According to Austrian doctrine and case law, shareholder (syndicate) agreements are generally qualified as civil law partnerships. A recent amendment to the Civil Code introduced an ordinary termination right relating to such civil law partnerships. This termination right has its origins in the Commercial Code, in which similar rights have long been embodied for unlimited liability partnerships. However, it seems that the legislature did not consider the consequences that transferring the ordinary termination right into the regulations of civil law partnerships would have on corporate law and legal practice.
In practice, shareholder agreements are concluded for the period for which parties to the shareholder agreement are shareholders of the target company. Therefore, if the target company is established for an indefinite term, the shareholder agreement will also be concluded for an indefinite term. An ordinary termination right with regard to the shareholder agreement therefore contradicts its purpose and – under the old rules – shareholders normally waived ordinary termination rights.
However, according to the new Section 1209 of the Civil Code, any party to a civil law partnership concluded for an indefinite term can terminate the civil law partnership with six months' notice at the end of each business year. This ordinary termination right cannot be waived; any such agreement will be invalid. Further, any agreement that hinders enforcement of the ordinary termination right will be invalid. In addition, according to Section 1211 of the Civil Code and the prevailing doctrine developed thereto, even linking the period of the shareholder agreement to the existence of the target company (established for an indefinite term) will result in a civil law partnership established for an indefinite term to which Section 1209 of the Civil Code applies.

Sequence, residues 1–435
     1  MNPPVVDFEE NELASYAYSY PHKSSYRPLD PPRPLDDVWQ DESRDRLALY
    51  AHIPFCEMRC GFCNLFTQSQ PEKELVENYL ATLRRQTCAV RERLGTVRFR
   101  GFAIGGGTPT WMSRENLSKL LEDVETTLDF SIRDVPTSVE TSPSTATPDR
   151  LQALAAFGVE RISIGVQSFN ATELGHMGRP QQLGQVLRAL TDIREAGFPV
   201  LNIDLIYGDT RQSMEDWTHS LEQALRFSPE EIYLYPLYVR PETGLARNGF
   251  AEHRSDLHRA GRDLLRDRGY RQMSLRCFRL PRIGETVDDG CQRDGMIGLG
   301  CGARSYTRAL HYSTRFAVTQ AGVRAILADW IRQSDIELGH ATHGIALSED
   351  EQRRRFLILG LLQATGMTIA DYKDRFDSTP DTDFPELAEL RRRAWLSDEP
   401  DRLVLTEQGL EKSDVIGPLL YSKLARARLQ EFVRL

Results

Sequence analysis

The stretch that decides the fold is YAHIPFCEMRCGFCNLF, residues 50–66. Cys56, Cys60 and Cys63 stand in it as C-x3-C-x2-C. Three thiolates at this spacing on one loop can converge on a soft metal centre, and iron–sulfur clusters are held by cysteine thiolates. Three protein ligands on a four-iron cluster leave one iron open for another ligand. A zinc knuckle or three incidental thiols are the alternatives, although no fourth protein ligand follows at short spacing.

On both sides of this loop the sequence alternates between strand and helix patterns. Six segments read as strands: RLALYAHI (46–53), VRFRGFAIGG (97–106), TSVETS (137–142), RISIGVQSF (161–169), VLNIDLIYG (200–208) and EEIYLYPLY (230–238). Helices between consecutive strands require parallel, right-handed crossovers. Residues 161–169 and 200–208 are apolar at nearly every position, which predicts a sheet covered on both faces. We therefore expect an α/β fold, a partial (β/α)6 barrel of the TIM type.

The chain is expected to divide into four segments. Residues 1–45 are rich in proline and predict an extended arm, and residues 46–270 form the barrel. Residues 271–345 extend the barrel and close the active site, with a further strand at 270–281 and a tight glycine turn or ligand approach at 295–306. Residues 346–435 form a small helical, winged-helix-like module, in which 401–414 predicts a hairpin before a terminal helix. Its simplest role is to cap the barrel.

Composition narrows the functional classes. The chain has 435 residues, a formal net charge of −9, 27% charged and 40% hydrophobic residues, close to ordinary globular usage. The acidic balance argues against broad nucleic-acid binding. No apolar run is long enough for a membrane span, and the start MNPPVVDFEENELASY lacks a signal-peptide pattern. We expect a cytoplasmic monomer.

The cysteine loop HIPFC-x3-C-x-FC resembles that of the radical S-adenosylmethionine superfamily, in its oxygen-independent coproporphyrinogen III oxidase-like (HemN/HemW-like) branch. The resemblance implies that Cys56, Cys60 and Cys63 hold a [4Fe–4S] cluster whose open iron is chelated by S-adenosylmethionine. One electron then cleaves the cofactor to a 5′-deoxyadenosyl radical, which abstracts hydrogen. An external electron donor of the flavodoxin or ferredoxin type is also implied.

The new rules enter into force on July 1 2016 for all civil law partnerships established before January 1 2015. However, the interim regulations set out in Paragraph 5, Section 1503 of the Civil Code allow civil law partnerships established before January 1 2015 to extend the old rules until December 31 2021. To extend the old rules, one partner must issue a notice to all other partners stating that he or she wants to continue following the old rules. This can be done up until June 30 2016.
For civil law partnerships established on or after January 1 2015, the new rules apply mandatorily.
At present, only two possibilities for dealing with the new legal situation seem feasible: parties to a shareholder agreement can either conclude a termination waiver for a fixed period or conclude the shareholder agreement for a fixed period.
The applicable period for either possibility must carefully be assessed on a case-by-case basis. An indication may be that in one case the Supreme Court accepted a termination waiver for 40 years. Prevailing opinion considers 30 years admissible, whereas German courts have admitted termination waivers for 15 to 30 years. Generally, the conclusion of a shareholder agreement for a fixed period of 10 years with an automatic renewal of another 10 years will be accepted by Austrian courts. In relation to family-owned businesses, scholars have argued for a fixed period of 30 years with a renewal option of another 30 years.
For shareholder agreements concluded before January 1 2015, it is strongly recommended that parties opt for an extension of the old rules until December 31 2021. The deadline for doing so is June 30 2016.
All newly concluded shareholder agreements should either contain a termination waiver for a fixed period or be concluded for a fixed period (with renewal options). The exact duration of the termination waiver or fixed period must be assessed for each case.
The common practice of syndication is dramatically hindered by the new legislation. As such, another law change taking into account the special purposes of shareholder agreements and their qualifications as civil law partnerships is desirable.
For further information on this topic please contact Julia Wasserburger at Schoenherr by telephone (+43 1 5343 70) or email (email@example.com). The Schoenherr website can be accessed at www.schoenherr.eu.
This article was first published by the International Law Office, a premium online legal update service for major companies and law firms worldwide. Register for a free subscription.